Rio 2016 Defines Games' Plan For Manaus SportAccord Chief Attacks IOC Rio Has Phones Cut Due To Unpaid Bills Japanese Olympic Official Faces Scrutiny Rio Organizers $200M Short Of Target Tokyo '20 Sponsorship Headed For Record Olympic Notes IOC Launches Whistleblower's Hotline Paris City Council Supports 2024 Bid 2016 Olympic Events To End After Midnight
Enter amount in full numerical value, without currency symbol or commas (ex: 3000000).
Upcoming Conferences and Events
SBD Global/July 31, 2012/Olympics
Twitter Bans British Journalist; Footballer In Trouble Over Tweet
Published July 31, 2012
DREAMS COULD END: Meanwhile, the AP reported Swiss footballer Michel Morganella faces expulsion from the London Games "for allegedly sending a racist message on Twitter" (AP, 7/31). In Sydney, Darren Davidson wrote it is "only day three of the Olympics, yet Twitter already has played a key role in some of the biggest stories in London" (THE AUSTRALIAN, 7/30).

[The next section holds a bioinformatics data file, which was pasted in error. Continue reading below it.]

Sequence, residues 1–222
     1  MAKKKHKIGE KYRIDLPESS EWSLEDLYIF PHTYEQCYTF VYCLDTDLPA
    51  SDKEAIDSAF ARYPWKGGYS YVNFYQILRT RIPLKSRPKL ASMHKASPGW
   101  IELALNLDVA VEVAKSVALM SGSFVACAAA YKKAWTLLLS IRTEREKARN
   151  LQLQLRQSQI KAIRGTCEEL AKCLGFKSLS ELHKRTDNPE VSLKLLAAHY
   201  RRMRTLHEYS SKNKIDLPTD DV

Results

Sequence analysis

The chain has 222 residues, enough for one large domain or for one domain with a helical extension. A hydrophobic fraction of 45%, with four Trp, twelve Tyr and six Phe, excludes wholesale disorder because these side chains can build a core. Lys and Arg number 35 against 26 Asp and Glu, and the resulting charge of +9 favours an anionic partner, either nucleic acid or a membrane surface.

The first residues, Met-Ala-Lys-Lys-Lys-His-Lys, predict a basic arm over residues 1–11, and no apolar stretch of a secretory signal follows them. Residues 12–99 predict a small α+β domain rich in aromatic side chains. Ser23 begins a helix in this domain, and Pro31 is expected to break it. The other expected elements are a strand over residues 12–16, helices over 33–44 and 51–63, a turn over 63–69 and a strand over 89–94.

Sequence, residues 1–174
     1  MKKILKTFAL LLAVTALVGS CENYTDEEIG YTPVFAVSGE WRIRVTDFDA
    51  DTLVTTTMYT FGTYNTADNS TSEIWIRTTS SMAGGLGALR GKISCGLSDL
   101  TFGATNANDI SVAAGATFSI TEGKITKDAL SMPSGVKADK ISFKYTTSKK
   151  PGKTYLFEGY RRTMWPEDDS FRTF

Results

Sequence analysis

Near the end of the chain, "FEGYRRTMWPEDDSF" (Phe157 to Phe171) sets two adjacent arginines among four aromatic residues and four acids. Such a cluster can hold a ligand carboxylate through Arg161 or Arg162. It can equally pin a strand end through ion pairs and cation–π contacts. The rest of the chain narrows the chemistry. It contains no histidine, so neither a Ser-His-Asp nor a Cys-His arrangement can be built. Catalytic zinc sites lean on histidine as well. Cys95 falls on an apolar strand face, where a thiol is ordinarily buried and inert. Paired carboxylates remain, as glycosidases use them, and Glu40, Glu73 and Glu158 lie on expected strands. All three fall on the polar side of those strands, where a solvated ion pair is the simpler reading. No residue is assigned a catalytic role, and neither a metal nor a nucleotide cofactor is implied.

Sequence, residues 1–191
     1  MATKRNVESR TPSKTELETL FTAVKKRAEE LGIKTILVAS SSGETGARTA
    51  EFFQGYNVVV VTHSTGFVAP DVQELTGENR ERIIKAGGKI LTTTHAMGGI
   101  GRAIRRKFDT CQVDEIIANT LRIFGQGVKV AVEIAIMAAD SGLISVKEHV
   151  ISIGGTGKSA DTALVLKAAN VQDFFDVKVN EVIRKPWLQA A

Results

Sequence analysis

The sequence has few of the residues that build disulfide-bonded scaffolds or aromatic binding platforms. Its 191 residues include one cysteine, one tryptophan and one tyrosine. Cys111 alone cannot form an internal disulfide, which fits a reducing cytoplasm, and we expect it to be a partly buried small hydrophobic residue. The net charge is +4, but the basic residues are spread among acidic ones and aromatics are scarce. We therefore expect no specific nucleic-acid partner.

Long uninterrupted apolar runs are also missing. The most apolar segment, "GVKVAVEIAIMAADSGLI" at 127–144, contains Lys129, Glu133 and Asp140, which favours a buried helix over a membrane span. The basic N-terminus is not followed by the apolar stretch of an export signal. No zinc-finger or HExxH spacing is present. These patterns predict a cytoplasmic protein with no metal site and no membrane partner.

MAKING A POINT: REUTERS' Nick Mulvenney noted several U.S. track and field athletes are in Twitter protest over restrictions on the promotion of sponsors, and runner Sanya Richards-Ross said that it aims to help peers "who struggle financially to stay in the sport." The tweets targeted Rule 40 of the Olympic Charter, which forbids athletes from taking part in advertising for anyone except official sponsors during the Games. Richards-Ross said, "People see the Olympic Games, when athletes are at their best, but they don't see the three or four years before when many of my peers are struggling to stay in the sport." She added, "The majority of track and field athletes don't have sponsors. In the sport, a lot of my peers have second and third jobs to be able to do this. We understand that the IOC is protecting its sponsors, but we want to have a voice as well." Richards-Ross: "Only 2% of U.S. athletes are able to tweet about their sponsors because only 2% of athletes have USOC or IOC sponsors." IOC spokesperson Mark Adams said that the ban was only for one month every four years, arguing Rule 40 was "entirely the right thing to do" as it supported less privileged athletes who depended on the IOC for cash (REUTERS, 7/30).